This post isn’t about cartoons, illustration, or art of any kind. But since we, as artists, are shaped by the world we observe and experience, it was my decision to share this with you.
I’ve been thinking about this day for a long time. It’s hard to believe that it’s come so quickly. Tomorrow marks 20 years that I’ve been a part of the greatest Navy that ever defended the seas. Any seas.
I joined after being a disgruntled stockbroker for too long. Since I was a little boy I’d always looked at the pictures of other men in my family, standing proudly in their uniforms – my father beaming with pride in his ROTC uniform during Vietnam, my uncle in the Navy in the height of the Cold War, my grandfather with a machine gun in Europe in World War II, my father’s great uncle as a Dough Boy in the trenches of the First World War – even my Great Grandfather’s grandfather as a fresh-faced young Zouave soldier in the Civil War where his brother died a horribly violent death in Louisiana - his bones lie there to this day, and where he was grievously wounded in the same battle. Family legend has it that in his twilight years, a parade was specifically re-routed to pass in front of the porch of his Brooklyn home to render him the honors, since his wounds left him largely immobile for the remainder of his life. From this tradition comes a pride I can hardly contain.
During the years I’ve served, I’ve been a navigator on the destroyer U.S.S. Arleigh Burke – a fantastic ship with the finest crew this nation could ever hope to assemble, and a member of one of the Navy’s Special Warfare units – the Special Boat Teams.
The selection and training of which, at the ripe old age of 31, was the greatest experience, albeit one that required getting a beat-down of the highest quality, of my life (surpassed in quality of discomfort only by my attending SERE training at the spry age of 44! Still don’t know why I thought that was a good idea). My SWCC and SEAL brothers are, you may be rest assured, the finest, most honorable and dedicated warriors on earth. Period. Even though I am no longer active – my family deserves my full attention after so many years of sacrifice and separation, I still find myself chomping at the bit whenever I see a news story which may, or may not, be a possible arena in which my NSW brothers are operating. God Bless each and every one of you. Honor is a word that can be uttered by nearly everyone, but it’s a concept lived utterly by so few. Gentlemen, you are among the few.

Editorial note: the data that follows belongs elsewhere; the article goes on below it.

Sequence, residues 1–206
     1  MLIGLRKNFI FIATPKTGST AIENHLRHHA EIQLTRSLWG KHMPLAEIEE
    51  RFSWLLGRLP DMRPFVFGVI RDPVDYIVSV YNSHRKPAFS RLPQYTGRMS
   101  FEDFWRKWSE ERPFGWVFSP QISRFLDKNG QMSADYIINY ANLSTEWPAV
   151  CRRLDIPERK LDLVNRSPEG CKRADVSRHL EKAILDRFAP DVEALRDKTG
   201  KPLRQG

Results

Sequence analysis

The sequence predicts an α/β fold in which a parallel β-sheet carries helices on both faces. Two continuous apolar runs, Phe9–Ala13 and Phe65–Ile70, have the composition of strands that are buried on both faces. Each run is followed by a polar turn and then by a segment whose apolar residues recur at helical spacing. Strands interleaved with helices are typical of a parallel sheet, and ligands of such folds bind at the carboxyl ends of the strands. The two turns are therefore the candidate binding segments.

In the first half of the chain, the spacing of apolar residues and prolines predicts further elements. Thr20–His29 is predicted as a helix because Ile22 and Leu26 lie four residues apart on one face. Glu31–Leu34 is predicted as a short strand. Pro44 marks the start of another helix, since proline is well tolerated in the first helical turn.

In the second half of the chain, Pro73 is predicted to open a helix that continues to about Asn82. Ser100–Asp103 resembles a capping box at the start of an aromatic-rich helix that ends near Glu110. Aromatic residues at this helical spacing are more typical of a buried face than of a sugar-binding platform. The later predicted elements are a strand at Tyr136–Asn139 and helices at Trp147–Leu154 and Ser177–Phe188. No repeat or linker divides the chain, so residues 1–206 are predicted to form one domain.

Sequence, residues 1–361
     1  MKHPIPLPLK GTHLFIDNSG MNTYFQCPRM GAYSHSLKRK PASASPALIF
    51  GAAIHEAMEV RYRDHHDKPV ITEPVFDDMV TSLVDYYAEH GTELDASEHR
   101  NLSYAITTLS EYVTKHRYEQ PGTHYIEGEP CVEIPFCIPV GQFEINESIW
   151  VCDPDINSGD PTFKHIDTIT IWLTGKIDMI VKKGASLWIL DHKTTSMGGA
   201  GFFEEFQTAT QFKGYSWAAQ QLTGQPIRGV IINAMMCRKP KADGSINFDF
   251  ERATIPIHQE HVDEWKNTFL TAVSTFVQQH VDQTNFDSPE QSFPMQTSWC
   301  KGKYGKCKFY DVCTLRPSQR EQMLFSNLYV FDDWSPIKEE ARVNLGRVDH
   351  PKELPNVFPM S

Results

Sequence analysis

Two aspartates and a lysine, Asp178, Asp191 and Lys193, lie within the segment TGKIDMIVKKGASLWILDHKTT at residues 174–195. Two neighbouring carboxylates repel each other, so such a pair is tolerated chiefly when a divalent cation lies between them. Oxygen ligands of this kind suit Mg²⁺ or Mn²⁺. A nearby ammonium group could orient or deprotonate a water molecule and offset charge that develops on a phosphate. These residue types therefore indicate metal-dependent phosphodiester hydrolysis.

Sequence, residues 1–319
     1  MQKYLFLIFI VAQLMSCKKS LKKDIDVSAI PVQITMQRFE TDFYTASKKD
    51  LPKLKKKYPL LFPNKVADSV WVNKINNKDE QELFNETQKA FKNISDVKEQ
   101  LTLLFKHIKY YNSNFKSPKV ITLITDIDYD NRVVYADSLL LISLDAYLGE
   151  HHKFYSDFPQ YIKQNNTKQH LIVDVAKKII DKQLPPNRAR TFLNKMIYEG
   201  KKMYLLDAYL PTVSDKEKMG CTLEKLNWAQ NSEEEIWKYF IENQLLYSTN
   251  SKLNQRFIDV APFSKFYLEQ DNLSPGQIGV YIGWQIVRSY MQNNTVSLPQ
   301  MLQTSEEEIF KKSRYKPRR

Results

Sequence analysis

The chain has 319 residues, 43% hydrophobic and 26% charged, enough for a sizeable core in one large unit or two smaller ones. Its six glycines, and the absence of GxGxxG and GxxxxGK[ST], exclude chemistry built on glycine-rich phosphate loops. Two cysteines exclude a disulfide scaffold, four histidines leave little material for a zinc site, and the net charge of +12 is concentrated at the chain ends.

While the Nation remains mired in a political morass, created largely by the greatest collection of rarified idiots ever to crawl out of the primordial soup, the people of this country never cease to amaze me in the depth of their goodness, in their unselfish response to their neighbors in need, and their resilience whatever the challenge. What greater honor can a man or woman have than to defend such a fine collection of human beings? It’s the intention of this post to state with unambiguous clarity, I love this country, I love our people, and from the bottom of my heart, thank you. Thank you for giving me the opportunity to defend all that I love most, and to be a part of this Navy. There is, nor will there ever be, a greater one.
“I can imagine no more rewarding a career. And any man who may be asked in this century what he did to make his life worthwhile, I think can respond with a good deal of pride and satisfaction:
“I served in the United States Navy”"
-John F. Kennedy (JFK)